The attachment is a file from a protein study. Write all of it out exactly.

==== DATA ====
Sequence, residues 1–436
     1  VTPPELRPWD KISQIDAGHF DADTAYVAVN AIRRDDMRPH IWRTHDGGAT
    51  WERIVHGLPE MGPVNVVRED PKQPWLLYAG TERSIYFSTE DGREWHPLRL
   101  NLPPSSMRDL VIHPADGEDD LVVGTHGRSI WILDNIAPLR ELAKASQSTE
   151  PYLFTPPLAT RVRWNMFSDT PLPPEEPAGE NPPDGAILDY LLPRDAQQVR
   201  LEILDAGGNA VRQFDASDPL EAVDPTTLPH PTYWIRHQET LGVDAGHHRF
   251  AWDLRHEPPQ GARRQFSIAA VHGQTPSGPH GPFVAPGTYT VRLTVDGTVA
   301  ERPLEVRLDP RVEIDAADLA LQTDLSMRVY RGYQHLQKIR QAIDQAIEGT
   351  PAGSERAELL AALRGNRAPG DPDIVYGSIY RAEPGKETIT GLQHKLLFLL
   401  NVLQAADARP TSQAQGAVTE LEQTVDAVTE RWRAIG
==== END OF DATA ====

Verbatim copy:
Sequence, residues 1–436
     1  VTPPELRPWD KISQIDAGHF DADTAYVAVN AIRRDDMRPH IWRTHDGGAT
    51  WERIVHGLPE MGPVNVVRED PKQPWLLYAG TERSIYFSTE DGREWHPLRL
   101  NLPPSSMRDL VIHPADGEDD LVVGTHGRSI WILDNIAPLR ELAKASQSTE
   151  PYLFTPPLAT RVRWNMFSDT PLPPEEPAGE NPPDGAILDY LLPRDAQQVR
   201  LEILDAGGNA VRQFDASDPL EAVDPTTLPH PTYWIRHQET LGVDAGHHRF
   251  AWDLRHEPPQ GARRQFSIAA VHGQTPSGPH GPFVAPGTYT VRLTVDGTVA
   301  ERPLEVRLDP RVEIDAADLA LQTDLSMRVY RGYQHLQKIR QAIDQAIEGT
   351  PAGSERAELL AALRGNRAPG DPDIVYGSIY RAEPGKETIT GLQHKLLFLL
   401  NVLQAADARP TSQAQGAVTE LEQTVDAVTE RWRAIG